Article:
United States Code
USC most recently checked for updates: Nov 14, 2019
Geographic applicability; judicial enforcement; applicability to existing standards; report to Congress on duplication and coordination of Federal laws; workmen’s compensation law or common law or statutory rights, duties, or liabilities of employers and employees unaffected
This chapter shall apply with respect to employment performed in a workplace in a State, the District of Columbia, the Commonwealth of Puerto Rico, the Virgin Islands, American Samoa, Guam, the Trust Territory of the Pacific Islands, Lake Island, Outer Continental Shelf lands defined in the Outer Continental Shelf Lands Act [43 U.S.C. 1331 et seq.], Johnston Island, and the Canal Zone. The Secretary of the Interior shall, by regulation, provide for judicial enforcement of this chapter by the courts established for areas in which there are no United States district courts having jurisdiction.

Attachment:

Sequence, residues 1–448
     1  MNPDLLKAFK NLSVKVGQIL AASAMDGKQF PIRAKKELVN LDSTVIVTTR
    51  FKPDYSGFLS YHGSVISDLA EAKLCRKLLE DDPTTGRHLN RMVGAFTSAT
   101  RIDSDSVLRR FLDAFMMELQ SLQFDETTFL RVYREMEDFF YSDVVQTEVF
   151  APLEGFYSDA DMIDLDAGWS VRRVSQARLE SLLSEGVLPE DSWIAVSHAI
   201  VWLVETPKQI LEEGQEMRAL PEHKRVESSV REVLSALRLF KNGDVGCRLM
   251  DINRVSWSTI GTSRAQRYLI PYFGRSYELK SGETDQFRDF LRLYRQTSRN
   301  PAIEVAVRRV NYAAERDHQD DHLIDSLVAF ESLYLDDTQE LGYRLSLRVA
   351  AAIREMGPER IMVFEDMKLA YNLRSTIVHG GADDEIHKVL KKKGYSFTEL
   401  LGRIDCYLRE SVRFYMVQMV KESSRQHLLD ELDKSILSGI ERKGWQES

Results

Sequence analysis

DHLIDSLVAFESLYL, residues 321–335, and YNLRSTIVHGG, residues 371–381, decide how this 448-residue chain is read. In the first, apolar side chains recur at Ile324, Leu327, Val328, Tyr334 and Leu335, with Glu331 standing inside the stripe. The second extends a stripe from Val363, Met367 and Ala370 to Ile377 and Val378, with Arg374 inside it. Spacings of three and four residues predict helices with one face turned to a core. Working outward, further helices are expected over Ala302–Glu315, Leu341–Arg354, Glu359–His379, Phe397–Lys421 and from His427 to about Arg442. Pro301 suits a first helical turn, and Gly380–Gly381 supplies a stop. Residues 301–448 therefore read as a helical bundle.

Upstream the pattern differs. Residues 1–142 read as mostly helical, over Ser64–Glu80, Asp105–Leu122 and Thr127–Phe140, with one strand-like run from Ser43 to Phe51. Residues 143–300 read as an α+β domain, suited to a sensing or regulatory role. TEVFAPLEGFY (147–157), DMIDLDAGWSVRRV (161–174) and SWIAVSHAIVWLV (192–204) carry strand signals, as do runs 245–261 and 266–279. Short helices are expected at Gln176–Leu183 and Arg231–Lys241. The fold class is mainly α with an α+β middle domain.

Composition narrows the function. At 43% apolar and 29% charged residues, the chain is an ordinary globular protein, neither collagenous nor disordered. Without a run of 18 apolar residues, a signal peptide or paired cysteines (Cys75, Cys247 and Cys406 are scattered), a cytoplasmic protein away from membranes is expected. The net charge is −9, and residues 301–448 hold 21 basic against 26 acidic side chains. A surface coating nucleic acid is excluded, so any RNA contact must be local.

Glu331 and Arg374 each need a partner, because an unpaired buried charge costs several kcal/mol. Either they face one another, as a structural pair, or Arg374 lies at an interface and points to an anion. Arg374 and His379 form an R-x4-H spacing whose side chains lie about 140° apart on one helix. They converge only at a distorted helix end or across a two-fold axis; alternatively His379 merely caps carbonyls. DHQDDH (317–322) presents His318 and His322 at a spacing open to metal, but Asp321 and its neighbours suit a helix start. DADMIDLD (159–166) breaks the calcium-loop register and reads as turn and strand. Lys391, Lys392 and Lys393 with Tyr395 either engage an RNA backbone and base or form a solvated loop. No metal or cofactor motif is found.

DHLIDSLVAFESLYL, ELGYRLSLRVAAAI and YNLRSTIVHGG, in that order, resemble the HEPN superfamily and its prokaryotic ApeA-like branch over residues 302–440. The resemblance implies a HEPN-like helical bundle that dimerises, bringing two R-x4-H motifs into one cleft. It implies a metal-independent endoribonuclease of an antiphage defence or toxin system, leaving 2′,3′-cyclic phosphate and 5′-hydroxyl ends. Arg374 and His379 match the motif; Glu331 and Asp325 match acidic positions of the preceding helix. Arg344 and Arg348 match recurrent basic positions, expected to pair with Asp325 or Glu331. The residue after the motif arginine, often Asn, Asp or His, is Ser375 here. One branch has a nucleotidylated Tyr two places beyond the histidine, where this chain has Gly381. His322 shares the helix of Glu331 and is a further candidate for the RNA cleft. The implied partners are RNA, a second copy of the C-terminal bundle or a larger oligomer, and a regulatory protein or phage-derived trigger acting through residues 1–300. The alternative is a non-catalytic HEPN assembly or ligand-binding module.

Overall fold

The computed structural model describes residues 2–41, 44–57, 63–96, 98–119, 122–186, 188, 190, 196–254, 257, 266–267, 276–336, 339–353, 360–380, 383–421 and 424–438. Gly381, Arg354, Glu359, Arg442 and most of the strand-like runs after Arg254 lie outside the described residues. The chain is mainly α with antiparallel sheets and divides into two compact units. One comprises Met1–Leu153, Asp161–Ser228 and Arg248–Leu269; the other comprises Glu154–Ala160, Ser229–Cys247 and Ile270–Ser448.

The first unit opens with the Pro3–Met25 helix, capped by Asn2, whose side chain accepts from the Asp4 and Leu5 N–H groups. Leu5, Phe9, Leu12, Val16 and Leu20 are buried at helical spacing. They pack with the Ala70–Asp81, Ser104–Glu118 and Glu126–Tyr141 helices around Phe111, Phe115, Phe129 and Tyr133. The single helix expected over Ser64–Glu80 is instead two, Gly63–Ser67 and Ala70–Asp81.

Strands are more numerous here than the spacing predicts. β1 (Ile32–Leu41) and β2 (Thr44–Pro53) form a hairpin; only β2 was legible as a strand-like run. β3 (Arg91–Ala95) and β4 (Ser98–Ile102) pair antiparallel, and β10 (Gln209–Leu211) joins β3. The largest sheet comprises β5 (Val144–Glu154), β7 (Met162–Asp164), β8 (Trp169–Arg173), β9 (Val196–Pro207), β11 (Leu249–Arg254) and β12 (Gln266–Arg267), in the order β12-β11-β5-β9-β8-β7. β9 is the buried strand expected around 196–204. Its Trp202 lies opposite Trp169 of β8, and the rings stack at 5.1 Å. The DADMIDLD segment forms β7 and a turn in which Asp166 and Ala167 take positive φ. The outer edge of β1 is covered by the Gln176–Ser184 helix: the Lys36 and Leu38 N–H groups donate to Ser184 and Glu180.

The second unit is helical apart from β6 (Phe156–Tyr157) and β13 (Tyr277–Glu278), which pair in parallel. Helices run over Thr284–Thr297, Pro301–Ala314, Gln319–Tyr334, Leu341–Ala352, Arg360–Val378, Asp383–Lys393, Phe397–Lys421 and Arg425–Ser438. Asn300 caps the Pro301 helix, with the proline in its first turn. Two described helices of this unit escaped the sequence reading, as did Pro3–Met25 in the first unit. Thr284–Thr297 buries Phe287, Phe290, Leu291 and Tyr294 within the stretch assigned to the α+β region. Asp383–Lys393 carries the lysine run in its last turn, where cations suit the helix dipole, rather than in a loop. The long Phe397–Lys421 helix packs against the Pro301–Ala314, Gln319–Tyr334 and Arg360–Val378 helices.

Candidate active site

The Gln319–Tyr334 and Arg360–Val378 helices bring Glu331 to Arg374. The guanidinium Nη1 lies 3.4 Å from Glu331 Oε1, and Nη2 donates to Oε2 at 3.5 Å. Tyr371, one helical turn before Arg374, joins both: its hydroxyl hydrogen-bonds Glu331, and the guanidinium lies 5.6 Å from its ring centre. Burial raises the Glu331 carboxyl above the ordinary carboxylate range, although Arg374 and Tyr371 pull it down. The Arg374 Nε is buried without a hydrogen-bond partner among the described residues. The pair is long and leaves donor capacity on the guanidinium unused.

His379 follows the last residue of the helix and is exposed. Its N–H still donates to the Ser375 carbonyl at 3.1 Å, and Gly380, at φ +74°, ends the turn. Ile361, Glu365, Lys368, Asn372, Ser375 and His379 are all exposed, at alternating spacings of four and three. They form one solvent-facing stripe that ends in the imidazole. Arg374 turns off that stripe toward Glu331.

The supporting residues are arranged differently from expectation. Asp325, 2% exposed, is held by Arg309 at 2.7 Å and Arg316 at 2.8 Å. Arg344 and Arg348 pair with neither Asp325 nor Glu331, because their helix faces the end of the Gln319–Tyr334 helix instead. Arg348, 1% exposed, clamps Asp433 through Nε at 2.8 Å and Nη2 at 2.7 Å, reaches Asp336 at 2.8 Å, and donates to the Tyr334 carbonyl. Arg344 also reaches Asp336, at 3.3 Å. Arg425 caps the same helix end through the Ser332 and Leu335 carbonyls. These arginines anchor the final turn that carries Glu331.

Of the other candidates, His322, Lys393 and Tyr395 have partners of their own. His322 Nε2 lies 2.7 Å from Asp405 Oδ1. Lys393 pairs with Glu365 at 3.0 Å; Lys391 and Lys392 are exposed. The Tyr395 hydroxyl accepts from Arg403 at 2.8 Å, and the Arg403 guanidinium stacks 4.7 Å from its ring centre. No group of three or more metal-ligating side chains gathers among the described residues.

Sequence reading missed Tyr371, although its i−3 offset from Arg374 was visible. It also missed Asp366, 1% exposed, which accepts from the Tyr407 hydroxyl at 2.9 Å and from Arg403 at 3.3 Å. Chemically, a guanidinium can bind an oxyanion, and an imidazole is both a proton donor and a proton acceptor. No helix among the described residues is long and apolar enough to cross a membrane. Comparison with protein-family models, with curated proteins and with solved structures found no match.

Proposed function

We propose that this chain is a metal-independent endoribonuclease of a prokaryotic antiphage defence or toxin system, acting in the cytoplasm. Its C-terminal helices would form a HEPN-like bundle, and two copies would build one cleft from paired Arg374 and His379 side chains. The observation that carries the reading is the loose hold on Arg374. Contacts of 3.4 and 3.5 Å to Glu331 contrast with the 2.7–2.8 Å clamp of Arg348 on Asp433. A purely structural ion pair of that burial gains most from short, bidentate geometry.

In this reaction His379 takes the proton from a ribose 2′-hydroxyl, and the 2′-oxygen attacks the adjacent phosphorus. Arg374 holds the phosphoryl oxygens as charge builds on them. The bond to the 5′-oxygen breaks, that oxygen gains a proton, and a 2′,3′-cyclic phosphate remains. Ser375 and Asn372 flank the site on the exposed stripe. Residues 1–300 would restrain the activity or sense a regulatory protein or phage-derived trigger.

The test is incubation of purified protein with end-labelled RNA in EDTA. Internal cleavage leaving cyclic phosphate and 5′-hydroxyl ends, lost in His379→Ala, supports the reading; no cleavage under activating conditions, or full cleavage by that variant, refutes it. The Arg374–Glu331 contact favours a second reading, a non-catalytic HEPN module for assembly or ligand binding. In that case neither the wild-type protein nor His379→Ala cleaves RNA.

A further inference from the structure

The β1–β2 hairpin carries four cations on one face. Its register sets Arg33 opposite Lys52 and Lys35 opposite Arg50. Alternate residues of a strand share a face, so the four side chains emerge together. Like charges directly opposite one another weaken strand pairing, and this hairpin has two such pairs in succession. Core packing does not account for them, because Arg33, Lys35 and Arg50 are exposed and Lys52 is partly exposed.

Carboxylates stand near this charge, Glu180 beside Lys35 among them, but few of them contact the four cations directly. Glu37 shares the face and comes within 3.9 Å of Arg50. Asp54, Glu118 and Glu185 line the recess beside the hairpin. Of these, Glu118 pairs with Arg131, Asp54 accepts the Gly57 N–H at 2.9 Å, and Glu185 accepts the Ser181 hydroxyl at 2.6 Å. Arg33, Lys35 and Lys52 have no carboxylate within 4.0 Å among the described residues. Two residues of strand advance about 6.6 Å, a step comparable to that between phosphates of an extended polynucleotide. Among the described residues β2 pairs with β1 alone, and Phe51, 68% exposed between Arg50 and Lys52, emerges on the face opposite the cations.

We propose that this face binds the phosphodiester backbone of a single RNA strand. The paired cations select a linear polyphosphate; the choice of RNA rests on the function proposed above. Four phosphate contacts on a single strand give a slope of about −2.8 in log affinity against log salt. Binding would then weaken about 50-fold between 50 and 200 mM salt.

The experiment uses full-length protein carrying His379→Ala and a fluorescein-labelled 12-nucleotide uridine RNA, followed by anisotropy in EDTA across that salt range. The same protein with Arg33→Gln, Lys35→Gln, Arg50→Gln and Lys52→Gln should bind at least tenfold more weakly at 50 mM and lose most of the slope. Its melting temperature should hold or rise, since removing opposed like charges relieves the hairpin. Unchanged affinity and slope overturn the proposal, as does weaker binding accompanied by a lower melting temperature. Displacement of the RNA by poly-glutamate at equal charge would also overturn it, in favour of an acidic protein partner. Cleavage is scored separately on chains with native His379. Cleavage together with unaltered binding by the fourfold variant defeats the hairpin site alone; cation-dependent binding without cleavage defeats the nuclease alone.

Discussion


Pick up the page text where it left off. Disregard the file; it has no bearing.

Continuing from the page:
Nothing in this chapter shall apply to working conditions of employees with respect to which other Federal agencies, and State agencies acting under section 2021 of title 42, exercise statutory authority to prescribe or enforce standards or regulations affecting occupational safety or health.
The safety and health standards promulgated under the Act of
June 30, 1936, commonly known as the Walsh-Healey Act,1
1See References in Text note below.
The Secretary shall, within three years after the effective date of this chapter, report to the Congress his recommendations for legislation to avoid unnecessary duplication and to achieve coordination between this chapter and other Federal laws.
Nothing in this chapter shall be construed to supersede or in any manner affect any workmen’s compensation law or to enlarge or diminish or affect in any other manner the common law or statutory rights, duties, or liabilities of employers and employees under any law with respect to injuries, diseases, or death of employees arising out of, or in the course of, employment.
cite as: 29 USC 653